*The exhibition Caída Libre opened at the Alianza Francesa in Guatemala City 5 July 2017, including works by Manuel Chavajay, Jorge de León, and Carlos Perez.
"There is, in nature, perhaps nothing older than motion, concerning which the books written by philosophers are neither few nor small; nevertheless, I have discovered some properties of it that are worth knowing that have not hitherto been either observed or demonstrated."
Galileo, Dialogues and Mathematical Demonstrations Concerning Two New Sciences, 1638
In On the Heavens (350 BC), Aristotle's collected lessons consider the principles of movement. His is an inquiry into the conditions of physical objects and bodies. Indeed, in his Physics, which are a series of writings on nature, he defines nature as the inner principle of change and being at rest. These lessons have a double sense: that is, in the science of physics they offer a set of propositions, many of which have been hotly contested. But, as a philosophy for understanding movement, they also offer beautiful and resonant observations about heaviness and lightness, about the void, and about how elements are subject to generation or destruction. The absolutely heavy, he writes, "is that which sinks to the bottom of all things," and the absolutely light, is "that which rises to the surface." Lightness and heaviness are potent metaphors for daily experience in Guatemala; while Galileo famously challenged Aristotle's propositions about how bodies fall, we might see something poetic in Aristotle's suggestion that something heavy falls harder and faster from the sky. And there is much that is heavy here, a short 20 years after the signing of the Peace Accords, a year after public demonstrations removed Molina y Baldetti from office, a few months after the fire at Hogar Seguro Virgen de la Asunción.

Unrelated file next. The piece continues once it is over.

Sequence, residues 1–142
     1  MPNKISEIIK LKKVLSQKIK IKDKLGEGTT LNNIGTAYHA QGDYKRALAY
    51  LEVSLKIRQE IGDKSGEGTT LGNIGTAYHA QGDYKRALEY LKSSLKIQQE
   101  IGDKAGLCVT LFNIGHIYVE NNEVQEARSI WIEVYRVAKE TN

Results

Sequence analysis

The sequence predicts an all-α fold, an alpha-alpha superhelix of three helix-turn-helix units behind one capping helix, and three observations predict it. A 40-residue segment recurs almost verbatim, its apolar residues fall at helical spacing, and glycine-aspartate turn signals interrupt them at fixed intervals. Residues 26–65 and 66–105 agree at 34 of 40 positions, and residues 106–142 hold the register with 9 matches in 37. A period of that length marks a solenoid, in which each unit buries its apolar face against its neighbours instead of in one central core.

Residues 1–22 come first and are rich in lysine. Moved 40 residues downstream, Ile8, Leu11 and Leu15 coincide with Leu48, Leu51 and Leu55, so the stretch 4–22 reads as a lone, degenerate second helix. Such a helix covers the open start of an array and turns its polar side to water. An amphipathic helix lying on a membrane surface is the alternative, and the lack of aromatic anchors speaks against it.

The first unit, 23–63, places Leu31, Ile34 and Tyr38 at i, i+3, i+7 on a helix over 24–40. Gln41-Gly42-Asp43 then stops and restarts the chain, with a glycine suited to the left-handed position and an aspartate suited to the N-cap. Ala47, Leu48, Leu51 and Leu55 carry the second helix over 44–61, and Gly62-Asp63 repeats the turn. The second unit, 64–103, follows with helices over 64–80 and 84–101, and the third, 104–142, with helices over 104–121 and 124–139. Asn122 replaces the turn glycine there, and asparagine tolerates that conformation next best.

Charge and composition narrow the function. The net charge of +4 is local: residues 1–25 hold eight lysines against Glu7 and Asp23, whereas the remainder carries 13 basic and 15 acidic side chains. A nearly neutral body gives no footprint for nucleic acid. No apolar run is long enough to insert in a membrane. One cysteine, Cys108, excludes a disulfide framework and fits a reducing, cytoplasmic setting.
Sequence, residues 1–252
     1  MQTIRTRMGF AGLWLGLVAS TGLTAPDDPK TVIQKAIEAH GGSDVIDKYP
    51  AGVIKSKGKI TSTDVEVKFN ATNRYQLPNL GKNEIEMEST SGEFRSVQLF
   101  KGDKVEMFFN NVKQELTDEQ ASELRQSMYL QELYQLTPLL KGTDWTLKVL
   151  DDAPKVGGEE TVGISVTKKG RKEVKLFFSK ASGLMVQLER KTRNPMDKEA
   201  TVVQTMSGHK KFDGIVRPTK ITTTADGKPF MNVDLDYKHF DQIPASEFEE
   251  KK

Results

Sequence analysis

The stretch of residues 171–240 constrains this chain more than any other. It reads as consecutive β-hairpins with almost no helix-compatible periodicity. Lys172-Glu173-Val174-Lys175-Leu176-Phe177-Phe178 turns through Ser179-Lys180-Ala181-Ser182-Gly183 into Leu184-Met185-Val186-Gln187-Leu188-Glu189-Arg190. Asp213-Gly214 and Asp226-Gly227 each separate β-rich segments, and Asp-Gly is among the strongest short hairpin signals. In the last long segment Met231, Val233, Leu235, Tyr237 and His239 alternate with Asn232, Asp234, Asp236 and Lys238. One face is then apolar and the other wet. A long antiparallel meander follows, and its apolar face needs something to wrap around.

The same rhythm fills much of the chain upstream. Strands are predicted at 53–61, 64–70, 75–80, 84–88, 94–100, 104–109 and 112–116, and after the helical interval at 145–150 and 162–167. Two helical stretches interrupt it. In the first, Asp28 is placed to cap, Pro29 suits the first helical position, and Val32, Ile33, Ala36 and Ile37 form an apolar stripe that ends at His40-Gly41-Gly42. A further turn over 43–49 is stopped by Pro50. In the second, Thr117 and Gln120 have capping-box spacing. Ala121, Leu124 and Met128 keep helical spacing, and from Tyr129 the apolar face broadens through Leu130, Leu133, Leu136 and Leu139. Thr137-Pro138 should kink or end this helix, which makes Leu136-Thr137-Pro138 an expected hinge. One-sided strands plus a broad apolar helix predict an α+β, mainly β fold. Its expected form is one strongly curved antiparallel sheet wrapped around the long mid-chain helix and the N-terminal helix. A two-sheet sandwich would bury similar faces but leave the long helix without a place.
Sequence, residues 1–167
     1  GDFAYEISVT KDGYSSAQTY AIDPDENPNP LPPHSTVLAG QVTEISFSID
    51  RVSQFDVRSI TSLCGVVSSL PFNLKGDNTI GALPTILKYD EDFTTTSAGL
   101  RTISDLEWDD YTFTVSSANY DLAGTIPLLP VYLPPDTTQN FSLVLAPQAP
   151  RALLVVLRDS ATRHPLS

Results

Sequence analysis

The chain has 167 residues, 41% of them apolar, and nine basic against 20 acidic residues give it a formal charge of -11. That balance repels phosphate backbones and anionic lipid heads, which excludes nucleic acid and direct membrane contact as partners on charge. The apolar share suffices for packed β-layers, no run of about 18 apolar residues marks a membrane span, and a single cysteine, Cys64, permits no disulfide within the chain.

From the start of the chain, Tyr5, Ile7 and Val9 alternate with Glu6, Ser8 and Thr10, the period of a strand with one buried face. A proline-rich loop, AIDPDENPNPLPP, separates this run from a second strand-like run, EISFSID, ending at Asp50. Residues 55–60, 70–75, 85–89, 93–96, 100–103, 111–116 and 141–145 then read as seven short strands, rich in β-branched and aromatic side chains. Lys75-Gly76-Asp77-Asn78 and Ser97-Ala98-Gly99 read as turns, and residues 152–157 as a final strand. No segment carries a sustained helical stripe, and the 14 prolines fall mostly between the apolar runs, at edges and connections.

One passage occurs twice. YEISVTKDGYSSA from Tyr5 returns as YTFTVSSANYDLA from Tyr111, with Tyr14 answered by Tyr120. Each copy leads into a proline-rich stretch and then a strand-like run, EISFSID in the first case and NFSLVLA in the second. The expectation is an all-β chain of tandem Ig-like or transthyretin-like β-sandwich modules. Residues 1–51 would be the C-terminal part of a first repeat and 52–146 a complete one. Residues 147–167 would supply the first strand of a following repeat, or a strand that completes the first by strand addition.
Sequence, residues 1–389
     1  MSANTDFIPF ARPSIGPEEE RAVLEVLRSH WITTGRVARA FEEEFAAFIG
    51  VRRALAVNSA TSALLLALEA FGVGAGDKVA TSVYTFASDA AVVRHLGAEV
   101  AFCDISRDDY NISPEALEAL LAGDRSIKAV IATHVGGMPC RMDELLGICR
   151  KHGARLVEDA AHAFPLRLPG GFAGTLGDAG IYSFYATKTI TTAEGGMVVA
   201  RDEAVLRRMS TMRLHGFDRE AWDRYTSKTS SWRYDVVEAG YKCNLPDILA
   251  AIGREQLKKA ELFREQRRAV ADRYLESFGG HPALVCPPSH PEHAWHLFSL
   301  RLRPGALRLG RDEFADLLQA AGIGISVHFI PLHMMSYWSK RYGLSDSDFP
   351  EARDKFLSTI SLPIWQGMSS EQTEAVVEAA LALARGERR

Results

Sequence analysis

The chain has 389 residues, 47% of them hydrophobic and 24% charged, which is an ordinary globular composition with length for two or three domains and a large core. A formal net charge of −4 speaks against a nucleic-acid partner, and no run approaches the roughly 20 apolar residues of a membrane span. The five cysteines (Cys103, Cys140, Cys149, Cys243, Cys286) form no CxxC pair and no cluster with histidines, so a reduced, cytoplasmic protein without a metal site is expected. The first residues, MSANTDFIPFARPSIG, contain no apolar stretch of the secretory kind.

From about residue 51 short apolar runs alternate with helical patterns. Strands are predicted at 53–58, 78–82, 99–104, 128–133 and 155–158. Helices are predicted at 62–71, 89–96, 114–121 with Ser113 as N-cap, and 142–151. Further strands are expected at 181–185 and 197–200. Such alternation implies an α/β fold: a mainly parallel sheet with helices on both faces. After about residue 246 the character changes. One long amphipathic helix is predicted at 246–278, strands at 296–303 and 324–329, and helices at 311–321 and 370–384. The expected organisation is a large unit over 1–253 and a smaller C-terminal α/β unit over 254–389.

In Caída Libre, we look to that experience of being pulled sharply to the earth by gravity. That space between the start and the end of the fall, the intersticio entre cielo y suelo, is the space in which these works by Manuel Chavajay (San Pedro La Laguna), Jorge de León (Guatemala), y Carlos Perez (Guatemala/Viena) might best be understood. From the level of the personal to the national, each of these artists can attest to the heaviness of life in this place, in these days. While Galileo proved that the weight of an object does not increase the speed at which it falls to earth, we might consider that there is a weight to violence, to isolation, to memory that can trigger a fall, can remove the ground from beneath us, and can place us in a hard and fast downward spiral. And, yet, the physics of a free fall, as Galileo defined them, can also be a heartening reminder of resilience: a free fall in physics is any motion of a body in which the only force acting upon it is gravity. There are many kinds of motion and change, many directions in which a free fall can happen, not all of them necessarily in the direction "down." While an object moving upwards is not colloquially understood to be falling, it could be: the moon, which moves only by the force of gravity, is technically in free fall. Perhaps we are never in control of the point of gravity that pulls us, perhaps we cannot define the trajectory of our movements. But in the face of such heavy weights, these artists suggest that we might at least imagine ways of falling differently. We might imagine, instead, climbing, soaring, even finding rest in this perilous experience of being unmoored.